The recent commodity price rally may not have improved the outlook for near-term activity, but it may have at least prevented further budget cuts in NAM. In fact, some budgets already are being revised higher and here and there, some rigs are being added (see related story).
Conversely, international capex declines are projected to be even worse than Evercore had initially projected (8%), down 21% this year after falling 15% in 2015. The dynamic indicates that national oil companies (NOC) have become more decisive in their austerity measures "in addition to highlighting the relative attractiveness of North America shale plays relative to international acreage from the perspective of the majors."
In the U.S. Gulf of Mexico (GOM), production has exhibited more resilience than land with a record 1.8 million b/d projected for 2017, E&Ps surveyed told Evercore. A total of 14 projects in the deepwater GOM are scheduled to come online in 2016 and 2017, further boosting offshore output, including Royal Dutch Shell plc's Stones in 9,500 feet water depth and Anadarko Petroleum Corp.'s Heidelberg in 5,300 feet of water, which ramped up earlier this year.
"Shallow water spending has taken the sharpest dive since the downturn," West said. "We postulate that shallow water rigs will be the first to go back to work in the GOM when oil prices improve, since these projects are relatively inexpensive compared to deepwater, and logistically easier to materialize."
The recent oil price recovery is unlikely to have a big impact on activity in the second half of this year (2H2016) as operators are proceeding "cautiously and the majority two-thirds of our survey respondents have no plans to increase 2H2016 activity," West said. "However, of the one-third that does plan to increase 2H activity, 28% anticipate increasing by more than 10% while only 5% will increase by less than 10%."
This year's NAM capex plans mostly are in place, but spend could move higher if West Texas Intermediate (WTI) remains above $50/bbl and Henry Hub natural gas prices climb.
About 25% of E&Ps surveyed indicated a $50-55 price range is necessary to spur incremental spending, while $55-60 "appears to be the range to increase capex for the majority 41% of respondents."
For natural gas, 2016 spending plans could increase at a Henry Hub price as low at $2.50, "but the majority 44% of respondents are looking for a $2.75-3.00 price range. At more than a 20% move from current levels, this is a bit larger than the 17% move for WTI to the midpoint of the $55-60 range to incite the plurality of respondents to increase oil capex."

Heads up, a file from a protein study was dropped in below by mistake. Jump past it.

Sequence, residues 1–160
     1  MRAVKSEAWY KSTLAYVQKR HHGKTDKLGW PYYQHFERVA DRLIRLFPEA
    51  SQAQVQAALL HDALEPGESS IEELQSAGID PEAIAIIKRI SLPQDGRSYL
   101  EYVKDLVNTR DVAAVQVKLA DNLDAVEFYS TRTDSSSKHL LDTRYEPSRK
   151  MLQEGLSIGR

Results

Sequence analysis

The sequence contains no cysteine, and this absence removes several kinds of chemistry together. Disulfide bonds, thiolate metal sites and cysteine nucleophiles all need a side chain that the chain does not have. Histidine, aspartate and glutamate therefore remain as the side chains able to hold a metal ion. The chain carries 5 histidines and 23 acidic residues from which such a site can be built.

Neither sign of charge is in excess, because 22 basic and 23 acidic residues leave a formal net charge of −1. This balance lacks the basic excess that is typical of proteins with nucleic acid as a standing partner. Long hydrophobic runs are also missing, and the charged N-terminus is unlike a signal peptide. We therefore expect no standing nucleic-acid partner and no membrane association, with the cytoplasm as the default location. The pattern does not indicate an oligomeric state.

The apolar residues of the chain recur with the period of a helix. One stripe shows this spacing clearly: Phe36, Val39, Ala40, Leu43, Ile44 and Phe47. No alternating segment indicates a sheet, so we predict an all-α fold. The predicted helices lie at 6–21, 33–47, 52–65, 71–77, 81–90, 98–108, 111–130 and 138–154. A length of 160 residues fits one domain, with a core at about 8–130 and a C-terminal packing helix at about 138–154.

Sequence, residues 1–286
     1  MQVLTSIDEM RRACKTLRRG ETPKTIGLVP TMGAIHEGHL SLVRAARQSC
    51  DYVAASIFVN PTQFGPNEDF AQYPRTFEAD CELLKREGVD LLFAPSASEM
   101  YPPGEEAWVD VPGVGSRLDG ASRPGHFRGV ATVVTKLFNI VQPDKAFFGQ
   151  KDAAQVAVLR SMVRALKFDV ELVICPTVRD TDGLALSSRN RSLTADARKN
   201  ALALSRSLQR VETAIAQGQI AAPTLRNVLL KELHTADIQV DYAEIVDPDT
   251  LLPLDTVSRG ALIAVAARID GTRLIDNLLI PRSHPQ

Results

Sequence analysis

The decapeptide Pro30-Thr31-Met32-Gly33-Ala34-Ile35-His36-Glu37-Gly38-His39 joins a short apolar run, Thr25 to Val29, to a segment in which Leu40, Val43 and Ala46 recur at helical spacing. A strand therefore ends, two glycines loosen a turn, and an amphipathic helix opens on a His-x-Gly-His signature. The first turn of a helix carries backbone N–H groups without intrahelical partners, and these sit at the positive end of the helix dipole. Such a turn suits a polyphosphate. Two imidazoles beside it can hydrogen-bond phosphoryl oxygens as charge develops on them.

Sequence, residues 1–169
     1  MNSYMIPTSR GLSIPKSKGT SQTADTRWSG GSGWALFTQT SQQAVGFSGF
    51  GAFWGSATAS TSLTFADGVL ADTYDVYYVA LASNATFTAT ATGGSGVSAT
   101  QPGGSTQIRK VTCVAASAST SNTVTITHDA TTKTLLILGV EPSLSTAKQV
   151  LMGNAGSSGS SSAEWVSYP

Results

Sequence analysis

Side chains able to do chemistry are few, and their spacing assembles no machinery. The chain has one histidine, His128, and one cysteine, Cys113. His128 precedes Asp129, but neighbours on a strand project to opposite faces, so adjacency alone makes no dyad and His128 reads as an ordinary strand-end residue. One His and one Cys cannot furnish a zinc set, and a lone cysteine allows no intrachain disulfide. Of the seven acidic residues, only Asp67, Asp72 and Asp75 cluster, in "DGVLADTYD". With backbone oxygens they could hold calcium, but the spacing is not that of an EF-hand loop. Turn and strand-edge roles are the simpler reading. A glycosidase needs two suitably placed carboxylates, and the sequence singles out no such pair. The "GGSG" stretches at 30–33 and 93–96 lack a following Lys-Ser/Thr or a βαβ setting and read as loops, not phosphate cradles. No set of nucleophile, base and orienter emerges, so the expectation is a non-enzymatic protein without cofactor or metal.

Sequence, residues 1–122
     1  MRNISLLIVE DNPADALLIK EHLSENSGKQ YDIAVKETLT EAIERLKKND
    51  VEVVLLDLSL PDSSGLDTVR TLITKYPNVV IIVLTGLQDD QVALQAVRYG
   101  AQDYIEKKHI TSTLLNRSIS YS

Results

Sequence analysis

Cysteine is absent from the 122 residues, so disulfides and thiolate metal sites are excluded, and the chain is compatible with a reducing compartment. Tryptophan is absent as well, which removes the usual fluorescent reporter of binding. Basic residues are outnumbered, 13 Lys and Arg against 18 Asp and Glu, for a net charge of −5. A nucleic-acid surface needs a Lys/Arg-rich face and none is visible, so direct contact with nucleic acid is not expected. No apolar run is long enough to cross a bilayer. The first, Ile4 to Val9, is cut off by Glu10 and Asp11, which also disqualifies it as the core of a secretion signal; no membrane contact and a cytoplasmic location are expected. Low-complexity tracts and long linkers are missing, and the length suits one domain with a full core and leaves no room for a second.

A "bigger move up in the gas price would elicit a larger move up in spending," said West. "If gas prices climb modestly to the $2.50-3.00 range, about two-thirds of respondents would increase capex by more than 10% (similar to oil capex). However, if gas prices climb above $3.00, a larger 78% of respondents would increase capex by 10% (versus a smaller 53% of respondents to the oil question).
"We believe this demonstrates that gas-directed activity may be even more elastic to gas prices than oil-directed activity is to WTI prices. But regardless of how we slice-and-dice the survey results, a small move in gas prices could result in meaningful capex spending later this year."
WTI has risen comfortably above a range where E&Ps might reduce spend again, but the Henry Hub gas price "is not too far from the $1.75-2.00 range for operators to decrease spending," West said. "As a result, we believe capex risk resides for natgas-directed activity in the oil patch."
Evercore's mid-year survey result is based on an average natural gas price forecast of $2.29, down 13% from the $2.63 basis in the initial 2016 outlook and only slightly below current prices.
"The consensus outlook appears to be for natural gas prices to trend higher, with the 12-month strip at about $2.80. The market has been patiently waiting for natural gas production declines that are only just materializing and should accelerate in non-Northeast plays." However, consumption is rising, with industrial demand expected to surge from expansion and greenfield projects coming online in through the first half of 2017.
Next year's capex outlook is more encouraging, with 73% of the global survey participants expecting to raise their spend and 28% keeping it flat at 2016 levels. None plan to lower capex next year.
"Operators are currently basing their 2017 spending plans on an average WTI price of $52 and Henry Hub price of $2.70," West said. "While $52 WTI is not too far from current levels, the range of responses varied from $40 to $65. The average cited flat 2017 spending at $48 WTI and $2.61 gas, while the average cited more than 25% spending at $52 WTI and $2.89 gas.
"Given the relatively narrow gap between the averages in WTI and gas for flat versus a more than 25% increase in spending, we believe commodity prices and cash flow will once again be the key determinants of spending in 2017."